“They basically lent their charter to someone and let them run wild and unsupervised,” says Keil. “And that’s where things really went off the rails.”

As Landvatter recounts, FinWise entered this specialty in 2016 only after a good deal of preparation. The bank beefed up its compliance and anti-money-laundering resources. In addition, he continues, “we built a proprietary IT stack that supports fintechs through API-driven data points into our enterprise data warehouse.” In the holding company’s investor deck, the full-time equivalent for compliance, AML and risk management staff is given as 44 and IT staff at 26.

Landvatter explains that the intent was to not rely on fintech partners for anything when it came to keeping things on track. “We started with the perspective that these are our products,” says Landvatter. Filters are set up to reveal outliers, which are sent back to the fintech for further explanation.

Read more: Before You Boldly Go into Partner Banking, Focus on Data and Compliance

Devising Financial Safeguards Along with Compliance Fences

In addition, as the bank’s 10-K spells out in detail, FinWise incorporates financial backstops into the deals. This includes deposits that serve as reserves against credit advanced through each BaaS lending program. Loans made through the programs are typically held for a short period by the bank. After that, they are generally sold. In some cases, this may be to investors; in other cases, they are sold back to the originating fintech, for securitization. (A relatively small amount is held as an investment by FinWise. The bank has the right to draw on the reserve if loan purchase obligations aren’t carried out.)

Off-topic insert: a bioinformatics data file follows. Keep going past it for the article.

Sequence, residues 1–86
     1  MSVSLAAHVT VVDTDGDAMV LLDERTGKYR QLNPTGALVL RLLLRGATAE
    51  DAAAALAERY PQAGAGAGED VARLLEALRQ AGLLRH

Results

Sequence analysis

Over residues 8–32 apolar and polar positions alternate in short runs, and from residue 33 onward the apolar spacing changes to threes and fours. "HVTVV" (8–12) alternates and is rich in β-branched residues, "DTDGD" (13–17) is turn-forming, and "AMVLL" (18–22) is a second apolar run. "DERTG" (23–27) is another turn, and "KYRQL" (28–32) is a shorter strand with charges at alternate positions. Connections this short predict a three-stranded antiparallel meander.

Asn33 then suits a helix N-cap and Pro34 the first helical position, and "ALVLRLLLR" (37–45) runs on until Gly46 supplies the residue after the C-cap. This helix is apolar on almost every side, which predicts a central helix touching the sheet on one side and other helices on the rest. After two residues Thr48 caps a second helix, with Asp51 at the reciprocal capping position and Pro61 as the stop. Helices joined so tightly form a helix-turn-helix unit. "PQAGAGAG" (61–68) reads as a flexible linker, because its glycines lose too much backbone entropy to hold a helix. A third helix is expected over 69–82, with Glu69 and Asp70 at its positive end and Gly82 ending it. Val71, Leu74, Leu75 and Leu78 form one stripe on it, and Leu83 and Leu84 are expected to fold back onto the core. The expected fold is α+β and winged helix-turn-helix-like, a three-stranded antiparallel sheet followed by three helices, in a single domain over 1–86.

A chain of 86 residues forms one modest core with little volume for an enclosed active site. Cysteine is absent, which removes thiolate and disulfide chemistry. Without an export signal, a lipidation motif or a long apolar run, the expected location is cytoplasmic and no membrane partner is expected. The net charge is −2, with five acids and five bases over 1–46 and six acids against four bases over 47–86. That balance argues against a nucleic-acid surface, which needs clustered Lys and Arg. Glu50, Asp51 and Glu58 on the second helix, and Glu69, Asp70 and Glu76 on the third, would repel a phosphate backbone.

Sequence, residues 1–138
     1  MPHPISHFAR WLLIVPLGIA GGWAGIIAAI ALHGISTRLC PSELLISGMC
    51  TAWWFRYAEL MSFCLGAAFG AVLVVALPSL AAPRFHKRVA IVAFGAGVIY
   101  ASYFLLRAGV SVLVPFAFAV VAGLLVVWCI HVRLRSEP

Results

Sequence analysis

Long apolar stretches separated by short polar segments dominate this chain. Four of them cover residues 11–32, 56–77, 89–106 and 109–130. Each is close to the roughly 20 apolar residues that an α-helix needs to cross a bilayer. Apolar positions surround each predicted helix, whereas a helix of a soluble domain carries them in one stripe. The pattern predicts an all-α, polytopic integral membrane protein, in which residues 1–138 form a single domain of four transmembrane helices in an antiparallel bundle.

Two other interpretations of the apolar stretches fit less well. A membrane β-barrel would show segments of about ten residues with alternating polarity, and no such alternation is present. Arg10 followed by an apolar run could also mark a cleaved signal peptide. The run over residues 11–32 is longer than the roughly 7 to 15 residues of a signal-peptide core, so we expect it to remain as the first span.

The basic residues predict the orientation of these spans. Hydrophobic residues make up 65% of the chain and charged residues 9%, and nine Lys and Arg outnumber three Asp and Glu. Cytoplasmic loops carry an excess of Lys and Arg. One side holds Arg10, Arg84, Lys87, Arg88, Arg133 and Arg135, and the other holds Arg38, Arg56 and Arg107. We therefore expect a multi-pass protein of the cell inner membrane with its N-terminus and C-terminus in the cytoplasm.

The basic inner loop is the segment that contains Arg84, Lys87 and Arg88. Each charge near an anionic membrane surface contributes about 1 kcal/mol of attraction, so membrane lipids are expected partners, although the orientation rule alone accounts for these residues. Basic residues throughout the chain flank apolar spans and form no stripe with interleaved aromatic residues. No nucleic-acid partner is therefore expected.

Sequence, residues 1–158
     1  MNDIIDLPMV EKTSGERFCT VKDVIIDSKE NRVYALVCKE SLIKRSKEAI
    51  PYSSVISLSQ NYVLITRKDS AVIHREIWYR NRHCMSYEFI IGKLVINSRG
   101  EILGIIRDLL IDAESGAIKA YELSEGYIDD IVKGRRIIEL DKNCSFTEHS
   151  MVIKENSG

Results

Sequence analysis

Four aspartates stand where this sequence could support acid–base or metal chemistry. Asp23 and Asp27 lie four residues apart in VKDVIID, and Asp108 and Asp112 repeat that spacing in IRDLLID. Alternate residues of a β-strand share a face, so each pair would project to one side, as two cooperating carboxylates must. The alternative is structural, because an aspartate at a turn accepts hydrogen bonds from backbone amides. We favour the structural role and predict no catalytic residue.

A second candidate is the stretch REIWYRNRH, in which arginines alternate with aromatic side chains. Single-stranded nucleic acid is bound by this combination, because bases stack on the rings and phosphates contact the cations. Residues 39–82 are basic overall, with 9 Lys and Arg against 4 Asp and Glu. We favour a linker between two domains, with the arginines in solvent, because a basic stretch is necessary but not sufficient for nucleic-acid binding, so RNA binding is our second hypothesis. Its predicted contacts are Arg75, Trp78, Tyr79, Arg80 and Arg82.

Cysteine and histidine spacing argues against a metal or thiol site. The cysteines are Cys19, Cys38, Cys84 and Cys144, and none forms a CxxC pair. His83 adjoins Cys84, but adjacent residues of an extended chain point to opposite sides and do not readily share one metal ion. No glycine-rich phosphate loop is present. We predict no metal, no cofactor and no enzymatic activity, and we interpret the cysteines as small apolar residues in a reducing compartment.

The bank’s status as an out-of-state lender in many programs permits higher interest rates. Its fintech clients’ programs span the full range of credit qualifications, including borrowers whose status drives extremely high rates. In 2023, nearly a third of the bank’s revenue came from loans resulting from partnerships where the loans carried rates above 36%, according to the annual report.

Landvatter says the bank’s preparation and specialized staff has helped, as has extensive and ongoing communication with its regulators.

“We may have a hiccup here and there, but the regulators know we’ve got a compliance management system in place that identifies those and elevates them quickly to be addressed,” says Landvatter.

Read more: Maybe BaaS Is Absolutely the Last Strategy Your Bank Should Be Looking At

Remembering that Fintechs Partners are Partners, Not Customers

Keil recalls a recent meeting with a fintech that is leaving its current BaaS provider — some are being forced by the current state of affairs to find a new bank partner. Reviewing the old partner’s setup, much didn’t make sense to Keil, and the new client agreed.

“There’s a good number of fintechs that want to do things the right way and they are willing to follow the bank’s direction,” says Keil. “When you get those fintechs paired up with banks that have a solid process, that’s where the magic happens.”